Bill Mounce

For an Informed Love of God

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Thursday, October 16, 2008

Imperfect, and How to Think about Grammar

When I was first introduced to the Greek language some fifty years ago, my textbook told me that “the tense which denotes continued action in past time is called the imperfect.” It was all simple and clear. When you came across a verb that matched a certain form in the chart you declared it an imperfect and translated it accordingly. Matthew 8:24 records that when a furious storm arose on the lake Jesus was sleeping — imperfect, “continued action in past time.” No problem.

But as time passed I began to notice that the imperfect was not simply “continued action in past time.” Various nuances called for new designations. For example, something might begin to take place in the past so this was called an ingressive imperfect. If the imperfect in Matt 8:24 were in this category the clause would mean that Jesus “was starting to fall asleep.” However, if it was an iterative imperfect then we would understand that Jesus “kept going to sleep.”

But wait, there are more. If customary imperfect, then Jesus “was asleep as usual” (perhaps the motion of the boat and the fresh wind always put him to sleep). If the imperfect was conative it could be something he desired (he “wanted to go to sleep”), attempted (he was “trying to go to sleep”), or almost happening (he was “about to go to sleep.”)

Are you a bit confused? I hope not. Grammar has gotten a bad name because it seems so legalistic with all its “rules.” But here is another way to look at it. Grammar is nothing more than an orderly description on how language operates. It changes over time because the way people talk and write changes. In fact grammar differs in different areas at the same time. In the United Kingdom is is perfectly okay to say, “If I was there it never would have happened.” Here in the United States correct grammar calls for, “If I were there ...“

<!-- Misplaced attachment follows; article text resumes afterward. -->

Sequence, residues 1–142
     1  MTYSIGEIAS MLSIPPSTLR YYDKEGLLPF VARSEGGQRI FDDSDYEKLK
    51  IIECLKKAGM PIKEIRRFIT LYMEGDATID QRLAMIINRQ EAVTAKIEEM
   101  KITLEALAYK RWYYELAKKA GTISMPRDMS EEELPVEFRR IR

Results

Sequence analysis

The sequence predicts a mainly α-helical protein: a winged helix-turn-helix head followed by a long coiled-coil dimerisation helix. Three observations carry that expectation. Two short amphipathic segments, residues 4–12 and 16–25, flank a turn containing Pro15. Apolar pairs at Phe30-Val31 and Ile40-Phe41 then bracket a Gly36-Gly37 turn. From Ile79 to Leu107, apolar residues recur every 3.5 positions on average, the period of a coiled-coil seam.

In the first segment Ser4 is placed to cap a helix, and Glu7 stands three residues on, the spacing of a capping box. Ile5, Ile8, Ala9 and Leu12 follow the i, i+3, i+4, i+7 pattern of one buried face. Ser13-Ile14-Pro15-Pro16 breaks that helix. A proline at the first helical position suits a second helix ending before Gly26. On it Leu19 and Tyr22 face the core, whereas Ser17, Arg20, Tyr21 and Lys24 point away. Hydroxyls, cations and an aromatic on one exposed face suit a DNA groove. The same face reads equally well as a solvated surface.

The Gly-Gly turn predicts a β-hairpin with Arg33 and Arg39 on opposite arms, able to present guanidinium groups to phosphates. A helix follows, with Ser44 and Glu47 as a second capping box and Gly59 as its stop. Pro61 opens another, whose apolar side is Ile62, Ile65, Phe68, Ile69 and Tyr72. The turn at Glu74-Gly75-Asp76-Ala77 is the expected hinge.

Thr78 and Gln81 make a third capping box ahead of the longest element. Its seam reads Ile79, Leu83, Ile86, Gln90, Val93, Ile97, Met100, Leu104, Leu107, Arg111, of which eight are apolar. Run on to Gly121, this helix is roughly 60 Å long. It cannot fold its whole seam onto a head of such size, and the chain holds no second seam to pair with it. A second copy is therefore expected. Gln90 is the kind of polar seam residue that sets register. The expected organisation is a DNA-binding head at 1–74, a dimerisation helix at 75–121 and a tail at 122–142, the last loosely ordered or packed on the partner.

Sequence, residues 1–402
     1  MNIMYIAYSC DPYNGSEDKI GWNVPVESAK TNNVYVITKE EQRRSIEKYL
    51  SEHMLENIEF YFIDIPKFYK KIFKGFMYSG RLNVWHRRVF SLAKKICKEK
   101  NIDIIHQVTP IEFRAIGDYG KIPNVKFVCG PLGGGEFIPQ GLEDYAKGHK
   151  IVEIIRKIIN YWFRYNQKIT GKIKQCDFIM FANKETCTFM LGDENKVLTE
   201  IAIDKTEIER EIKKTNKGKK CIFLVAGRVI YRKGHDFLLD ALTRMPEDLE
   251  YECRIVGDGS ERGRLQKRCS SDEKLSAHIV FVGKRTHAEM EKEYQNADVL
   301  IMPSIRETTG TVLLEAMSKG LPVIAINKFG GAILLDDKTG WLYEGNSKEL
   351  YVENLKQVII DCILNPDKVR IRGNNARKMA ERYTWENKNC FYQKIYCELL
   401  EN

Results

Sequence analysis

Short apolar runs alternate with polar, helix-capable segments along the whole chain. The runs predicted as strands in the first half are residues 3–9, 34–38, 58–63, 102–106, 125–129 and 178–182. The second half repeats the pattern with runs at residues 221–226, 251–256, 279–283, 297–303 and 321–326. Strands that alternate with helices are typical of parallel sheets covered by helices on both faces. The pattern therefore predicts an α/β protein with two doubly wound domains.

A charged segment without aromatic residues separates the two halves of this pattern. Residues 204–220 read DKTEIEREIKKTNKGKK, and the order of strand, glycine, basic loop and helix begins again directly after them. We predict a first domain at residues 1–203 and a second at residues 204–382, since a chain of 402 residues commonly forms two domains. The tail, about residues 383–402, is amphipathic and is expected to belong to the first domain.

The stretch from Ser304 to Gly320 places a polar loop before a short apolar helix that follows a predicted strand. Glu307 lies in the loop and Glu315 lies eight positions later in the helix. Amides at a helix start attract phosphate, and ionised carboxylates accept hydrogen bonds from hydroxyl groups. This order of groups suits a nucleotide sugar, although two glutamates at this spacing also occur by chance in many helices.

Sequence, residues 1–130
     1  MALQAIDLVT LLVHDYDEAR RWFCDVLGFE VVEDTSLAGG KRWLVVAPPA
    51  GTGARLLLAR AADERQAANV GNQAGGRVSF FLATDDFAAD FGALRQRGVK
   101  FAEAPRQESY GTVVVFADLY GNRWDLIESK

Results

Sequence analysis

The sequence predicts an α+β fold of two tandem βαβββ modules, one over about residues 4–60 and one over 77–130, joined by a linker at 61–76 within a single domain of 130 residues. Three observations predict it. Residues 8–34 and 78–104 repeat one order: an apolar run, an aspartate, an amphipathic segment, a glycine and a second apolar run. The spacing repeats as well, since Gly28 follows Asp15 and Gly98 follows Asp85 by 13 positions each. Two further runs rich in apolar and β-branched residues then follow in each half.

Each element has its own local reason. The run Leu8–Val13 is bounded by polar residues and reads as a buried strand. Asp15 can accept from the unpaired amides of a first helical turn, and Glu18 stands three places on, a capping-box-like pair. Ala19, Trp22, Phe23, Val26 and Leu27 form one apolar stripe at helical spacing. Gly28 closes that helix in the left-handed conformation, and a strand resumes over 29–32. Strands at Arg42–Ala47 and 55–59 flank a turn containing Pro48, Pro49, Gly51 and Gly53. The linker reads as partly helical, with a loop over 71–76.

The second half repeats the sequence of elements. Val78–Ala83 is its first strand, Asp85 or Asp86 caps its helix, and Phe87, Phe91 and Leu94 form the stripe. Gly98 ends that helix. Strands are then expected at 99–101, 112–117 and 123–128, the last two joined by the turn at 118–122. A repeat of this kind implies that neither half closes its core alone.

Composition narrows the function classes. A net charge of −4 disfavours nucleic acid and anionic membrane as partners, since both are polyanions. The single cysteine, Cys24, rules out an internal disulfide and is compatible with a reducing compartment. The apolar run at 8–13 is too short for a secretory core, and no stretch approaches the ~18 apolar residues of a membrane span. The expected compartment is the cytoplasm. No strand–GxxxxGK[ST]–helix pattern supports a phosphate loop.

So what is the advantage of knowing that an imperfect may denote several different shades of meaning? The answer is that it adds both depth and precision to the translation. Consider Luke 1:59b, “and they were giving him the name of his father Zechariah.” Since we learn in the following verse that his mother said, “No! His name is to be John” we reason that the imperfect must be voluntative, “they wanted to call him Zechariah.” Other options make less sense unless; for instance, you would like to believe that the family had decided on the name Zechariah but Elizabeth would have none of it and demanded that he be called John What grammatical category would this be?

It is always context that determines the more probable translation of an imperfect and that is exactly what makes translation an art as well as a science. So consider the “rules” of grammar as a set of helpful observations that will aid you in arriving at the intended meaning. If you know the possible ways an imperfect may be rendered, you can enjoy the creative experience of allowing the context to suggest which is probably what the text intended.

Bob Mounce